Before AEM 6.5, we really only had one UI to manage user permissions. That’s not to say we couldn’t go to the JCR directly and set ACLs, but the user admin screen was just simpler.
For instance, take this example from the classic user admin console.
Typically, this meant that we would check the root folder to give read to everyone. This is done because an AEM user can’t do much without access to “/bin” which is directly beneath the root node and you can’t directly add permissions to the bin.
This “read” would trickle down to all of the other nodes. So, when you wanted to remove access you uncheck the box, you have now added a “deny” policy.
Businesses leveraging the two technologies together would now be able to harness their data for critical insights and predictions, connect customer touchpoints across their business, and drive brand loyalty and growth.
Have you ever accidentally checked a box, saved, then unchecked? You’ve just created another deny. The only solution to remove it is to go and delete the policy. Even if you delete the user, that deny policy will persist.
Denys not only cause unnecessary clutter, but it also makes troubleshooting permissions issues so much more difficult. This was a very unclean approach that we adapted to. Now, we have a better option in AEM to manage permissions.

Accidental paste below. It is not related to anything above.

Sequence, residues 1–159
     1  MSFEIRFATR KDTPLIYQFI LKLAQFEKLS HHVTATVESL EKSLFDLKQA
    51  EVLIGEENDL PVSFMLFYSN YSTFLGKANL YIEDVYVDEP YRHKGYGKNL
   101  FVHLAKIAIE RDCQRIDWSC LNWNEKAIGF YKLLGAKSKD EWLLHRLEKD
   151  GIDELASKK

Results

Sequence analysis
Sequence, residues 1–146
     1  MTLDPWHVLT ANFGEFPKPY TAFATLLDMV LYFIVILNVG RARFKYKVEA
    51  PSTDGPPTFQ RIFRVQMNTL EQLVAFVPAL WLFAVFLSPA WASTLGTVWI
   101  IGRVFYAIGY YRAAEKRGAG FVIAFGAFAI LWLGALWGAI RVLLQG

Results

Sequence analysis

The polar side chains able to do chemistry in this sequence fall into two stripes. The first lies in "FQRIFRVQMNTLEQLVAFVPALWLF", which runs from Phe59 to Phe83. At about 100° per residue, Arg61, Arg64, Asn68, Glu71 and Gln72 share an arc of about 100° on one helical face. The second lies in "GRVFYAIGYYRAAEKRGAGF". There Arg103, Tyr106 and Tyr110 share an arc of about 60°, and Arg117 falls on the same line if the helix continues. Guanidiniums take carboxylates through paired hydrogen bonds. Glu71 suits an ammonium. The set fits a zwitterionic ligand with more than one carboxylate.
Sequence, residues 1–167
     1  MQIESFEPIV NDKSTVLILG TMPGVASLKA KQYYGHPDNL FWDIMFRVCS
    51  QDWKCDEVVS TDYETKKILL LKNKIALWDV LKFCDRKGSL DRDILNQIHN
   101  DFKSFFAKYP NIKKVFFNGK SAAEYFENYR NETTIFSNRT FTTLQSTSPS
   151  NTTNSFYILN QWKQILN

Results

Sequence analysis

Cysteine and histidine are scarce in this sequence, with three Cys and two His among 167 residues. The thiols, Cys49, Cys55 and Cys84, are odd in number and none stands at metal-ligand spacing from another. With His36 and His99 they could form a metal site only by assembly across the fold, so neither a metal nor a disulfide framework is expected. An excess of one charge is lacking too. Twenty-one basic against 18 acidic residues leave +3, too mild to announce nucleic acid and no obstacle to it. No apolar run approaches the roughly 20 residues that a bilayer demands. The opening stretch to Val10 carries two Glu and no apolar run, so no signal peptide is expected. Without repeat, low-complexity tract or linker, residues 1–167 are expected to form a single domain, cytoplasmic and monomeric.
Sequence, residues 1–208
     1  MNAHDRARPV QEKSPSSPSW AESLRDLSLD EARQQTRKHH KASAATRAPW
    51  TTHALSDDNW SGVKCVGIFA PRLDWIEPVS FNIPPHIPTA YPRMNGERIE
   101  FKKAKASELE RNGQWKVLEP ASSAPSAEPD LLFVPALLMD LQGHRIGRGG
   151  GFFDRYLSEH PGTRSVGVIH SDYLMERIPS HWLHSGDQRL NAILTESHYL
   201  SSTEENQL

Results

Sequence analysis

Touch UI Permissions Console
With the introduction of the Touch UI Permissions Console, you can now set your policies for your Principals. You also have the option of creating exceptions easily through the UI.
Utilizing the example from before, this is how it looks in the permissions console.
You still have the “read” on root, but now you can create a glob on that node. Rep:glob=”” sets the read permissions to itself only. This means any nodes directly tied to root will be readable but subfolders will be excluded and will not inherit read. This gives you more control over what permissions you need to set without having to worry about “accidental” permissions.
I did the same thing on “/content” because authors will get permissions to specific areas through other groups. Again, no need to create a deny.
Although this isn’t a true Principal Authorization implementation, since under the hood it’s still creating the policies for the paths, it’s a big step forward for managing permissions on a more granular level.
Read more about this on the Adobe website.